This has only been reinforced over time. If you look for shows that break through to mainstream success since Avatar, they’re all shounen action shows. They all feature large, bombastic plots where wild things happen, and we have let these define anime to the point where a sentence later in the same Variety article refers to gen:Lock as a “mecha” show.

Why is this dangerous?

I started by saying that calling “RWBY” anime is dangerous nonsense. Those are strong words, but I stand behind them.

I once challenged someone to find the stylistic link between “Cowboy Beebop” and “Kill la Kill.” I can do this with dozens of shows. Tell me what traits are shared by “Legend of the Galactic Heroes” and “Dragonball Z”? What is similar between “Paradise Kiss” and “Samurai Flameco”? The issue remains the same. Anime is a diverse medium with a deep and rich history. There is a wealth of shows to explore.

So is this not anime now?

If anime is just “My Hero Academia” or “Attack on Titan,” then we lose the ability to talk about that diversity with people on the fringes of fandom. We are stuck explaining that, “Yes. Nana is a show where they talk about feelings a lot. No. Nothing really crazy happens. I mean not crazy in the way you mean.”

All anime becomes defined by one or two genres, and not even all of those genres; just the parts that were popular in the mid- to late-90s.

Is this a battle that the old otaku can win? Probably not. Is it something that I’m going to try to win? Hell, yes. I am going to share this anywhere and everywhere I see someone say that “Castlevania” or “RWBY” or “gen: Lock” or “Avatar” is anime, or anime-inspired or anime-influenced. This is my rallying cry. Come in. Try the RahXephon, and leave a better person.

Please don’t make me go back to using Japanimation.


5 thoughts on “RWBY isn’t anime. Please stop before you ruin everything

    1. So my general opinion is no they’re not anime, but for different reasons.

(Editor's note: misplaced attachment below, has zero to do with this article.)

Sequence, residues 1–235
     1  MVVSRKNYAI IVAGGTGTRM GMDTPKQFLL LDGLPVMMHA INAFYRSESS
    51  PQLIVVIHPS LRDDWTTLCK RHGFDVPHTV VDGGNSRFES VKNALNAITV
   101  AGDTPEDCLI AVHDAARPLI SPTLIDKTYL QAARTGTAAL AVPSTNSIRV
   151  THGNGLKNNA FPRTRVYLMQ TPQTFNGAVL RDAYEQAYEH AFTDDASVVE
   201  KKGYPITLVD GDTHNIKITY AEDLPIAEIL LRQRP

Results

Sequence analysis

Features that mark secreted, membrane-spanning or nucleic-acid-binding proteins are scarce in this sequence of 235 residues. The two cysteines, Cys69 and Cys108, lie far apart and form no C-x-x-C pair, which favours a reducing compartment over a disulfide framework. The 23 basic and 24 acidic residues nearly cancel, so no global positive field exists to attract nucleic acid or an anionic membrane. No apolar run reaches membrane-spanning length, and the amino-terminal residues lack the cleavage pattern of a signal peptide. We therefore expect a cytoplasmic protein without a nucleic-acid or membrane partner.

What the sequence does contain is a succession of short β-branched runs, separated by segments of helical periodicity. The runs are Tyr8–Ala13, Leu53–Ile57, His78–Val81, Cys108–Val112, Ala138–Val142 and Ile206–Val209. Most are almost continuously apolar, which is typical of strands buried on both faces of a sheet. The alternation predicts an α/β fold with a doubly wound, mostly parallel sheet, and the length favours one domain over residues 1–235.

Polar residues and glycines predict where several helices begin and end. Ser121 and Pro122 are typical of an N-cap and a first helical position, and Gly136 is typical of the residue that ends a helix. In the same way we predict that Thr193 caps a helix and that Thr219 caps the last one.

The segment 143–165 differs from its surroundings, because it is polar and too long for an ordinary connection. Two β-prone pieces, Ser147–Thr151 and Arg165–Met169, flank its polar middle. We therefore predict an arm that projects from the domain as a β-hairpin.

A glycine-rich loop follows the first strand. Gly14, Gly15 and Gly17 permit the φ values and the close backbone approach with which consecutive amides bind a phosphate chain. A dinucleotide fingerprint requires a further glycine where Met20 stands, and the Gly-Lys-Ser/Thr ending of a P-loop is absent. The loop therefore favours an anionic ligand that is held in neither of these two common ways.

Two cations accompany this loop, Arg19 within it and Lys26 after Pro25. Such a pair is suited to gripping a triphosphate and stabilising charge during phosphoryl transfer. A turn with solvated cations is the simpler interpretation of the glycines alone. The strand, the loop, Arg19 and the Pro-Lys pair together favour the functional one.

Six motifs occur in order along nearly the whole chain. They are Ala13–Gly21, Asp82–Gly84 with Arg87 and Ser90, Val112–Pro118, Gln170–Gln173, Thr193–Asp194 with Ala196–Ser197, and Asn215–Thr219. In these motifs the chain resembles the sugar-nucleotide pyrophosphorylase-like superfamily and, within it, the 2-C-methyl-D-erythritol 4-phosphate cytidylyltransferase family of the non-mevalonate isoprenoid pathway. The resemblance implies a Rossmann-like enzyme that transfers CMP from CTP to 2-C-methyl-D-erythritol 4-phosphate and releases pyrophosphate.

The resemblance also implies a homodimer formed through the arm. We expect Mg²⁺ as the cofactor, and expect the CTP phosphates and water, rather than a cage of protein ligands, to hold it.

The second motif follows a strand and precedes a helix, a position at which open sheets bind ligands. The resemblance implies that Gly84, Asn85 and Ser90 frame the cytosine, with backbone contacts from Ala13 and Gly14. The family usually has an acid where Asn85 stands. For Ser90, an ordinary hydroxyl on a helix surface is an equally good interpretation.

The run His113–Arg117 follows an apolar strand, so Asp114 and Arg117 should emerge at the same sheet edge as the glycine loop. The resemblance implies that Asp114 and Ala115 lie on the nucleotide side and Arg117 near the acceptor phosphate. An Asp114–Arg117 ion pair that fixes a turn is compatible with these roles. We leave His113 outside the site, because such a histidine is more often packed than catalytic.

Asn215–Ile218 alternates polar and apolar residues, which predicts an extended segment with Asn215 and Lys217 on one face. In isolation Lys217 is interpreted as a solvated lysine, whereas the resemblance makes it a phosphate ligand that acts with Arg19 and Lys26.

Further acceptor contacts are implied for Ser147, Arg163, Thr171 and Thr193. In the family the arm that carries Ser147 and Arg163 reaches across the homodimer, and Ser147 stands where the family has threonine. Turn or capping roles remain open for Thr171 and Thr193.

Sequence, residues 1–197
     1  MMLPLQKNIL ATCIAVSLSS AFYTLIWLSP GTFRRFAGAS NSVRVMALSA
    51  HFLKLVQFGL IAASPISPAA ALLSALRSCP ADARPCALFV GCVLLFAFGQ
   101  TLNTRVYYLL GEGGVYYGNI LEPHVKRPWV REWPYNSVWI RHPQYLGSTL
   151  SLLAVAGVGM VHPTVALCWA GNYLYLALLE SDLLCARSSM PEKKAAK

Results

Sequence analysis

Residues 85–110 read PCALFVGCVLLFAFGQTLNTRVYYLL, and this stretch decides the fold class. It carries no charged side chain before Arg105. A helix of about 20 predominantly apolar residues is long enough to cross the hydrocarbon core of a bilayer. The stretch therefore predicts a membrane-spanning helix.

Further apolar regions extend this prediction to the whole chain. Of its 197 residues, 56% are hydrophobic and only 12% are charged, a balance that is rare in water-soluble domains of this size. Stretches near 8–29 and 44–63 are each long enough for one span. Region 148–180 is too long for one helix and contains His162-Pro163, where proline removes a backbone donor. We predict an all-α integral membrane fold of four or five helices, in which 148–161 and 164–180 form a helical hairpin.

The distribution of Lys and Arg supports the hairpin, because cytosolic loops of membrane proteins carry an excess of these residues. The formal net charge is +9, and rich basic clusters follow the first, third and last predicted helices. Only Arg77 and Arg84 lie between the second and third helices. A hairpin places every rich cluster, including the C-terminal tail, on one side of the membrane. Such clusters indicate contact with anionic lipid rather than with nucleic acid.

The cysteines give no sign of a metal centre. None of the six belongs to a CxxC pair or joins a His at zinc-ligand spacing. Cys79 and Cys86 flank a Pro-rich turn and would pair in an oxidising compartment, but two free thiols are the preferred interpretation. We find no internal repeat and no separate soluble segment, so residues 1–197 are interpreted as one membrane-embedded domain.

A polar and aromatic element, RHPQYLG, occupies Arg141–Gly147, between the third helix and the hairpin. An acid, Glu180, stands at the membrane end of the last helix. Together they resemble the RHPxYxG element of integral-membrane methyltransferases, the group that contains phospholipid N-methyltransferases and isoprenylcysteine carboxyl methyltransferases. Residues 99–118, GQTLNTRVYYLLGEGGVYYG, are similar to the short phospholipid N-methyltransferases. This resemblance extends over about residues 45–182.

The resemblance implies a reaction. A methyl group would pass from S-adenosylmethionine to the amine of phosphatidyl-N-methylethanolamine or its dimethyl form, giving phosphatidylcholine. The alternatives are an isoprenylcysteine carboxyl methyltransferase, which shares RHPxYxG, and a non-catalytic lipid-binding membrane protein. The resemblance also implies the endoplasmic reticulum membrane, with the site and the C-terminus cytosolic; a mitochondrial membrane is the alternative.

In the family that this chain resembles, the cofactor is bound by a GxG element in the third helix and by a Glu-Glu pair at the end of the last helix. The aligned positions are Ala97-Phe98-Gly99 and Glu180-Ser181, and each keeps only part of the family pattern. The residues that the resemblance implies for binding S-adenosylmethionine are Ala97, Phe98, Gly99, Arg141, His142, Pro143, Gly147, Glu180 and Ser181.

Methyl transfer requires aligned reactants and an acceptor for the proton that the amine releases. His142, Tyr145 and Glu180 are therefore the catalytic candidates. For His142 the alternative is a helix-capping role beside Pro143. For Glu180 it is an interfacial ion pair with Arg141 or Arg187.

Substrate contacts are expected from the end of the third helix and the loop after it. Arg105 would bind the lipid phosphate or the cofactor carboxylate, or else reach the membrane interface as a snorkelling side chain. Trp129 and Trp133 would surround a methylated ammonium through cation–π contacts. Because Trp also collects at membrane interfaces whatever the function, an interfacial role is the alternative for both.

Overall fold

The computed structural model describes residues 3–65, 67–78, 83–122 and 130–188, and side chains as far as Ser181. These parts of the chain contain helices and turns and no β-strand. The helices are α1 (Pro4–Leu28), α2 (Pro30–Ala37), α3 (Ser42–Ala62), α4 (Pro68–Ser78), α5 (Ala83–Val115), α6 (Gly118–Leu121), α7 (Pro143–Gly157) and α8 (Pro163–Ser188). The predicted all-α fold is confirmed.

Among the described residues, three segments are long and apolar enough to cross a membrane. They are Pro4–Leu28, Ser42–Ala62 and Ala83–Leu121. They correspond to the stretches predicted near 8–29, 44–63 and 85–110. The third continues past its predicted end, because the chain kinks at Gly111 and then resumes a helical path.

The thing is both S. Korea and China have a long history in animation. And in S Korea’s case, studios there have been involved in anime production for a long time. And in China’s case, their animation efforts actually influenced Japan’s early animation industry. So the ties between these things are much tighter than they are between American and Japanese animation.

      But I think it does these country’s animation efforts a disservice to simply call them anime. We should find a region specific word for these. We have it for books (manwha and manhua), we should have it for animation as well.

      I think it would also make it easier to analyze if we know the origins of the story.

  1. Yeah, that annoys me how shows such as RWBY, Avatar, and other Western animated properties get called anime. It is a matter of origin. Sure, there can be anime that may have co-productions with other countries like Interstella 5555 with France (mainly because of Daft Punk, let’s be honest), Flavors of Youth with China, or Tekkonkinkreet with America, but the emphasis is still on Japan. One thing I like about anime is that there are so many genres, stories, and aesthetics to choose from. Definitely more so than in America.